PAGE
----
City restructuring teams have continued to advise on some of the world’s biggest mandates. Notably, German property developer Adler and oil and gas group McDermott, both of which engaged in the English Part 26A Restructuring Plan, alongside multiple procedural and parallel proceedings in various jurisdictions.
Enacted in 2020, the UK Restructuring Plan provides companies with an alternative to a Scheme of Arrangement, aiming to safeguard businesses from collapse by facilitating restructuring. It empowers courts to approve the restructuring order, even if certain creditors oppose it, using the ‘cross-class cram down’ mechanism.
Jifree Cader, co-head of restructuring at Sidley alongside Knight, comments: ‘The UK Restructuring Plan has proven to be an effective tool in helping debtors find creative solutions to deal with their balance sheets. Use of the Restructuring Plan continues to evolve and it is likely that cases will break new ground in the coming years.’
Partners note a rise in the challenges to restructurings as a prevailing theme, noting high-profile recent cases. Adler was the first UK Restructuring Plan to go to the English Court of Appeal, and McDermott has been challenged by different groups in UK, US and Dutch proceedings.
Howard Morris, who heads the London business restructuring and insolvency team at Morrison Foerster, comments: ‘2024 will be interesting as the courts wrestle with Adler and other cases. This is important for restructuring plans and schemes of arrangement as it means judges are not simply rubber stamping. The UK courts will be looking at this concept of fairness, and this will be at the heart of a number of issues into next year.’
Osborne adds: ‘We are still waiting to see what the Court of Appeal is going to say [on Adler]. We expect some judicial guidance will be given around what a robust plan process should look like.’
‘Any business linked to consumer spending, such as retail estate, travel and tourism, has been badly affected in 2023 and that is set to continue into 2024.’ Mark Fennessy, McDermott Will & Emery
She adds: ‘That kind of more litigious environment is inevitable with the introduction of the Restructuring Plan and cross-class cramdown. To date, European restructurings have been largely consensual – in the past 20 years there have been relatively few significant challenges, largely because schemes of arrangement implied a high degree of consensus throughout the classes with the alternative being an insolvency process.’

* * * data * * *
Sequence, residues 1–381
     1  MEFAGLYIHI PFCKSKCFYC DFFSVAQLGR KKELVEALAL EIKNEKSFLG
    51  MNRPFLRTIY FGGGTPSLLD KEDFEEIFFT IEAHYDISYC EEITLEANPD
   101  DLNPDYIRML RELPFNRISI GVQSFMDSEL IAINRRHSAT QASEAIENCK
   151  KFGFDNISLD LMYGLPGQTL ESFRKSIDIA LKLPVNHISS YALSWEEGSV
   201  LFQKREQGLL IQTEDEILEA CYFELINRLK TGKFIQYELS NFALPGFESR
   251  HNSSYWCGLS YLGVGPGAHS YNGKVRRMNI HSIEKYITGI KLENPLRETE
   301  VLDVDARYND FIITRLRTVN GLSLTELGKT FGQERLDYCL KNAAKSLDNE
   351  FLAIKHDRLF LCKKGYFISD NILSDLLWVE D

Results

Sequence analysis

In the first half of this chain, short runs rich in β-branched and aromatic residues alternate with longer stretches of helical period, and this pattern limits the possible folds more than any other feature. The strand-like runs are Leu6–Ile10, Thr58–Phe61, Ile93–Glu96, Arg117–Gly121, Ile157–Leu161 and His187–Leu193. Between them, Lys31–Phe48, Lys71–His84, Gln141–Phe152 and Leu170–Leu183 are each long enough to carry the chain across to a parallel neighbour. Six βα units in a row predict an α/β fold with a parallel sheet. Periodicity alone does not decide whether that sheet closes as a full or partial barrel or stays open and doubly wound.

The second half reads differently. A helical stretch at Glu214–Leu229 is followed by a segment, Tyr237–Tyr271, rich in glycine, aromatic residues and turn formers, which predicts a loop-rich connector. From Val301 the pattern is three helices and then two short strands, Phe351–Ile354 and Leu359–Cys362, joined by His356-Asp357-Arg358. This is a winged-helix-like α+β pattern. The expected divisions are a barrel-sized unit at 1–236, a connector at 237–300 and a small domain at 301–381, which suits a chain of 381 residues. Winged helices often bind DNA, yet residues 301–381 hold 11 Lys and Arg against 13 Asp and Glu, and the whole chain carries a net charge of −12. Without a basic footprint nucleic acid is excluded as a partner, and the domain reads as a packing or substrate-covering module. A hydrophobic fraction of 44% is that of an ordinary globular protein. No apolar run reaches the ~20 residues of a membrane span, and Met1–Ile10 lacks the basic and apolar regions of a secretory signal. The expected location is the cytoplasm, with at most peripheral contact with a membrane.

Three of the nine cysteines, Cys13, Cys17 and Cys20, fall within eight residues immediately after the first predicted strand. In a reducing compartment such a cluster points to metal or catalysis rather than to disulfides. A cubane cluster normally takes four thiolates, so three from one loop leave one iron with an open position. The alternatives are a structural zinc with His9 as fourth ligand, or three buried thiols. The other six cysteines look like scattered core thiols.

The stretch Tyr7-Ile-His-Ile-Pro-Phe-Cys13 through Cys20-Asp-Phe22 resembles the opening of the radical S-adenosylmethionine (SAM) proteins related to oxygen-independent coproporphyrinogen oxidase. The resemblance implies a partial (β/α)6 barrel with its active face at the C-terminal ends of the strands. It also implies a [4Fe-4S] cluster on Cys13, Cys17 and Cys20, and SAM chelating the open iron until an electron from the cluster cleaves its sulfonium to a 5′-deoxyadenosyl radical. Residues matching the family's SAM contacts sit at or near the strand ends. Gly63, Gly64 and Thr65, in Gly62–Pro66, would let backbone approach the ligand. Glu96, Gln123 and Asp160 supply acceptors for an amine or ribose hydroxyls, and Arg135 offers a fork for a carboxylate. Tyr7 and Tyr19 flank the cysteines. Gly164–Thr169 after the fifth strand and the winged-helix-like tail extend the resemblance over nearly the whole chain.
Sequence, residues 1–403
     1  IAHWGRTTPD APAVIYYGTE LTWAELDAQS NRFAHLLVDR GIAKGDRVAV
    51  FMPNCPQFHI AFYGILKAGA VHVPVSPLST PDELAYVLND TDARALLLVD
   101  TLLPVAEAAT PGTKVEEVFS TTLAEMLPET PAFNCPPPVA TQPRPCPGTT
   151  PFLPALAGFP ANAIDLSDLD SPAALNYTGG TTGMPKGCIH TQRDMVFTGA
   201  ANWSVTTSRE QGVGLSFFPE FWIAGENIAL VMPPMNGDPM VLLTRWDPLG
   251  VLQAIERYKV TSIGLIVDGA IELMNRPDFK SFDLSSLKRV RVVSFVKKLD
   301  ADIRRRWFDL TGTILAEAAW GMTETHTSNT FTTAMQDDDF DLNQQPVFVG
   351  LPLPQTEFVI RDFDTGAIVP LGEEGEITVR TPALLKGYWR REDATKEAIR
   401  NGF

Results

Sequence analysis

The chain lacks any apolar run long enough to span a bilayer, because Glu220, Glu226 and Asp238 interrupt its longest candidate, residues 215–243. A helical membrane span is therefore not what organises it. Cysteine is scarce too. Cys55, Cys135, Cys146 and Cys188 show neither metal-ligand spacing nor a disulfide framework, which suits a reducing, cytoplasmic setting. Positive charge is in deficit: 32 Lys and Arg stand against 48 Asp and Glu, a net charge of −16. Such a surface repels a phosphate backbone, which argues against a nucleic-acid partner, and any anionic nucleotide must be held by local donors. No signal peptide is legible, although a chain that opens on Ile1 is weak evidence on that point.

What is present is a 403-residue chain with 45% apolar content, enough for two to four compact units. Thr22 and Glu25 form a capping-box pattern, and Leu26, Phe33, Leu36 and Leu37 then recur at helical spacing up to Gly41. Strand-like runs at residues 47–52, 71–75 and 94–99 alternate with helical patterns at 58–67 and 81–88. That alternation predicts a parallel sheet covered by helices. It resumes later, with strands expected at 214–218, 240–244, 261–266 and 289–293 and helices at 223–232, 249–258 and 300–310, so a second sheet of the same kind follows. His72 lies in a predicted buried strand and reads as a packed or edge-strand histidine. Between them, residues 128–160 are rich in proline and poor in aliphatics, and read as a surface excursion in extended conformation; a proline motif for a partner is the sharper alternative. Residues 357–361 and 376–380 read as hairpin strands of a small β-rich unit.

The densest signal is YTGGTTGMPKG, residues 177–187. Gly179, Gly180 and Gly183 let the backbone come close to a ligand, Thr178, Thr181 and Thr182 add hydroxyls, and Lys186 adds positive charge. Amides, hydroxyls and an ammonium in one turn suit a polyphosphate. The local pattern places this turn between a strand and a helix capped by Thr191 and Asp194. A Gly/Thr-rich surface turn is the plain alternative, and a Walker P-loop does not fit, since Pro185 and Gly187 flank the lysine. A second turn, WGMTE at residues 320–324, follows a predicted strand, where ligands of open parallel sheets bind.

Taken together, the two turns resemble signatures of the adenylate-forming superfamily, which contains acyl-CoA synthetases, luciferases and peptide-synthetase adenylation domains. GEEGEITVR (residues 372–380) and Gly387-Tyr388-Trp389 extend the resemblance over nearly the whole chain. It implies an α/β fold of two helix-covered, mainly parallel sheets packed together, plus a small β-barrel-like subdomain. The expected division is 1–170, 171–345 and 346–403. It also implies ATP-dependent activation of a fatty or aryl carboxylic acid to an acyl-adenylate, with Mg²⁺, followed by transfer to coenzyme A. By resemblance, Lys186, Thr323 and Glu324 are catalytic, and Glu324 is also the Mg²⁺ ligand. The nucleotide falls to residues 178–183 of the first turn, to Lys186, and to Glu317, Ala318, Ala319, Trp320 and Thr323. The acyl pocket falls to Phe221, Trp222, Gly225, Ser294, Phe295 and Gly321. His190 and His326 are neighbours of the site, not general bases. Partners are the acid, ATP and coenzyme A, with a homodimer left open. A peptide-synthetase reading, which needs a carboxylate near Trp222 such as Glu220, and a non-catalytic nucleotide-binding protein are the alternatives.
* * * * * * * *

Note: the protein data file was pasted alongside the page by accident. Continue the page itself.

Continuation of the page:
Elsewhere in Europe, lawyers highlight that the road testing of EU preventative restructuring processes, which have been implemented in recent years, will extend into 2024.
In June, international auto parts manufacturer Leoni received court approval for a plan under Germany’s Corporate Stabilisation and Restructuring Act (StaRUG), marking the first major restructuring using this 2021 tool. Likewise, around a similar time, South African retail conglomerate Steinhoff secured court sanction of its WHOA restructuring plan in the Netherlands, as the first major international Dutch case.
‘Notwithstanding Brexit and European reforms, the introduction of the Dutch WHOA and German StaRUG means we are becoming more adept at getting parallel schemes and using multiple jurisdictions,’ says Morris.
Asimacopoulos agrees: ‘We also now have a range of flexible processes in Europe which have enhanced the ability of stakeholders to implement restructurings – restructuring plans in the UK and Spain, WHOA in the Netherlands, StaRUG in Germany and others.’
The pressure continues
Looking ahead to next year, lawyers have pointed out key sectors that are predicted to face greater challenges compared with others, given the cost of living crisis putting pressure on expenditure.
Fennessy notes that a downturn in consumer spending and ongoing inflationary pressures will impact businesses across a variety of sectors. ‘Any business linked to consumer spending, such as retail estate, travel and tourism, has been badly affected in 2023 and that is set to continue into 2024,’ he says.
Plainer adds: ‘There are more inquires coming through in certain industries including healthcare, transportation, and construction – these are industries which have had some serious issues post-Covid. Retail will be affected too, but we’ll see what happens after Christmas.’
Despite the clear reversals, partners remain confidence in the robustness of London as an enduring centre for cross-border restructurings. LB